September 2, 2011 | 3:31pm
Three miles away, a ratcheting sound and slight tremors bring smiles. They're signs of the thrill of a ride on Space Mountain. But here, at the Del Ray Mobile Home Park on South Manchester Avenue in Anaheim, the loud clanks and shakes bring more than just frowns.
As Emma Perez
walks through her mobile home on a recent afternoon, the repeated thumps of a jackhammer outside drown out her already-muted voice. She lost her voice recently, Perez says, adding that the heaping piles of loose dust near her open window don't help her throat any.
"My life changed. It changed completely," Perez says of her situation since the city's $66 million construction project began a few yards from her home. "I'm 63 years old and I want to be tranquil."
The city broke ground on the Gene Autry Way Project
in October. The plan extends the road over Interstate 5 and connects the Platinum Triangle to the city's resort district, making for easier access to popular destinations like Angels Stadium and Disneyland.
Emma Perez stands outside her mobile home a few yards away from construction for the city of Anaheim's Gene Autry Way Project.
OCWeekly/ Marisa Gerber
Santa Ana-based attorney Elena Torres, who represents Perez and several other tenants in the mobile home park, says she took the case because she wants justice. "I mean, what options do the tenants really have?" Torres says. "The city is just telling them, 'This is what we're gonna be doing.' And, the tenants are low-income. Some of these homes are so old they can't be moved and the cost to move a mobile home is about $10,000."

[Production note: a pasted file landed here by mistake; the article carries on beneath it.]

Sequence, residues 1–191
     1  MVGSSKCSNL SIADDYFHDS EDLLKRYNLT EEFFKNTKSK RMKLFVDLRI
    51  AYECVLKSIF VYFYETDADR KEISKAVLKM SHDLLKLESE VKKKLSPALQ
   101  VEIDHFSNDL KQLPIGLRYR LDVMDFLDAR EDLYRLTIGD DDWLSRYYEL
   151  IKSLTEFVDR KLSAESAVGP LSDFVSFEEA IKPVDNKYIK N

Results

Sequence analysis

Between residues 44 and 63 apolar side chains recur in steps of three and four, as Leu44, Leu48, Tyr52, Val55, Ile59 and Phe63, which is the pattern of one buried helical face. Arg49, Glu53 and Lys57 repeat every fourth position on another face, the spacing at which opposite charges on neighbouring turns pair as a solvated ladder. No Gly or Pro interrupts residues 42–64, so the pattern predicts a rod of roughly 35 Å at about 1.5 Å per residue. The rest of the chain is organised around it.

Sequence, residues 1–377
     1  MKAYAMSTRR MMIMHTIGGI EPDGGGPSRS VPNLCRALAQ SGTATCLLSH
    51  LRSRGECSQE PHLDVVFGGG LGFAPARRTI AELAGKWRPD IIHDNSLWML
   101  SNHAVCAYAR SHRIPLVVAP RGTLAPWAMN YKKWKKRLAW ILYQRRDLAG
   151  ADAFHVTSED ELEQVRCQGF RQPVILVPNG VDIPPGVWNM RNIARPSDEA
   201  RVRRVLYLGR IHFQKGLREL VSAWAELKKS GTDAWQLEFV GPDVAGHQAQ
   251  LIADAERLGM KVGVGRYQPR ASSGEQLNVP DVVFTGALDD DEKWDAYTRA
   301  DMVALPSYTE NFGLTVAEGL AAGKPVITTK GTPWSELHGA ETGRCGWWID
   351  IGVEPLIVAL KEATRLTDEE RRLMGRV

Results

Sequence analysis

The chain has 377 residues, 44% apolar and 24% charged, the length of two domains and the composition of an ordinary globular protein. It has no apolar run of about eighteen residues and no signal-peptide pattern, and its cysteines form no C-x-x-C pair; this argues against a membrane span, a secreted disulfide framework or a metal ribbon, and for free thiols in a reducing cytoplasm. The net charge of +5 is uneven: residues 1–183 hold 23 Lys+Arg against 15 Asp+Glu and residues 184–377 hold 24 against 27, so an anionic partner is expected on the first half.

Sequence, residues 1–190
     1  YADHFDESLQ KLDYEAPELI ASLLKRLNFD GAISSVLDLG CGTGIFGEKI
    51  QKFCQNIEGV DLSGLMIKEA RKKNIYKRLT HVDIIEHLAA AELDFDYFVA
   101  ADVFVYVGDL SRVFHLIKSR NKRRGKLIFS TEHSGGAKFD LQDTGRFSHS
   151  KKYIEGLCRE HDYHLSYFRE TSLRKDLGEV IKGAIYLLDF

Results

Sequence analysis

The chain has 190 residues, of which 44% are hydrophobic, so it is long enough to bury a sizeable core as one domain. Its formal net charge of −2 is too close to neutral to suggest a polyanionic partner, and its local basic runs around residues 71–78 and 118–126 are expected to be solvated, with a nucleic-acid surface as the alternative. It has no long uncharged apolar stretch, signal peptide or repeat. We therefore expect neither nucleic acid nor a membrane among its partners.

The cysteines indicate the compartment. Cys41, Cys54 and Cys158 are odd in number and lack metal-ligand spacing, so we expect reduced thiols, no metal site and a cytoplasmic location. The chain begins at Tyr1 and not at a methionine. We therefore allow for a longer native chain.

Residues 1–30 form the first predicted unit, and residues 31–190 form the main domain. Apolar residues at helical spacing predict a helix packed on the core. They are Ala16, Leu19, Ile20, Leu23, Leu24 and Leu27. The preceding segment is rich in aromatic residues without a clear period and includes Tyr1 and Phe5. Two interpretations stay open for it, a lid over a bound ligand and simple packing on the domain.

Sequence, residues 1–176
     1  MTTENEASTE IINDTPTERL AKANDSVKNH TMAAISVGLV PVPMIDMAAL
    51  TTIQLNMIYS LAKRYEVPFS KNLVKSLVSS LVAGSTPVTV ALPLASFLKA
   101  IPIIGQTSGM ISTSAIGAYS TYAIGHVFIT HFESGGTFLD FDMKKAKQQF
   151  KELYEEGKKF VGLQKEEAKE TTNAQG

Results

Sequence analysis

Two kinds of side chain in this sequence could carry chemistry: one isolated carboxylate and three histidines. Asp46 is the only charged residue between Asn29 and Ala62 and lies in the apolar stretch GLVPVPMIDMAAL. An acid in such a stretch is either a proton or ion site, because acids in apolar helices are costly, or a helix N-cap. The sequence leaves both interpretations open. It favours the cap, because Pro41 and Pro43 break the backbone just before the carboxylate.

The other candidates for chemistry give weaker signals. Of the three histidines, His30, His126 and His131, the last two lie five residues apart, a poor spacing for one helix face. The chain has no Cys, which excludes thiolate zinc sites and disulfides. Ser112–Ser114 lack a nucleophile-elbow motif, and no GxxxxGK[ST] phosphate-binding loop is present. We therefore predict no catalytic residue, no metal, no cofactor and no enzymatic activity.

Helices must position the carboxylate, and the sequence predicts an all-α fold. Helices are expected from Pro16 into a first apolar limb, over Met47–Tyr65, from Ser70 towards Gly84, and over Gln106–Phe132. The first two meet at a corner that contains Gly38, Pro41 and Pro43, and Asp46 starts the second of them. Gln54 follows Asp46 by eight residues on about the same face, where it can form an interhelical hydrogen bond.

Another attorney recently settled a client's case with the city for $700, she says. Personally, Torres has reached a frustrating point in her cases. Neither her clients nor her firm have the financial resources to fund the experts needed to defend the case. A construction expert could testify about the damage to the mobile homes, Torres says, and a toxicologist, perhaps, could say whether the construction is stirring up any harmful toxins into the air. "Without any experts, [the city is] not going to be volunteering to compensate these people."
Torres says she feels especially bad for the tenants who are trying to take on the city on their own. "They're hopeful. I spoke with one gentleman and he said, 'They can't force us to sign.' And I said, 'No, they can't force you, so you won't sign, you won't accept and you won't get the $700 and then what are you going to do?' And he said, 'It's going to go to trail.' There's no attorney who is going to come into the case on the eve of trial. To do what? And he said, 'We'll go forward on our own.' And I said, 'Do you have experts?' He didn't say anything."
Vanessa Barrientos is the liaison between the city and the tenants. She hand delivers notifications of the construction schedule and fields tenant complaints about the project via email and at a telephone hotline. "I've been working with the residents for over a year, they know me by name," Barrientos says. The city is currently in the process of looking into issues of damages and compensation, she says, adding that there's currently "more than one attorney and different agreements."
"What am I going to do?" tenant Perez wonders. "Bear it? I'm going to try. This is going to be for two years, two years. It's horrible." Then Perez stops talking, sits down and shakes her head as the pounding noise, which had relented for a bit, reverberated through her home again.
Here, at the Del Ray Mobile Home Park, the booms and shakes are free, you just can't decide when you want to ride.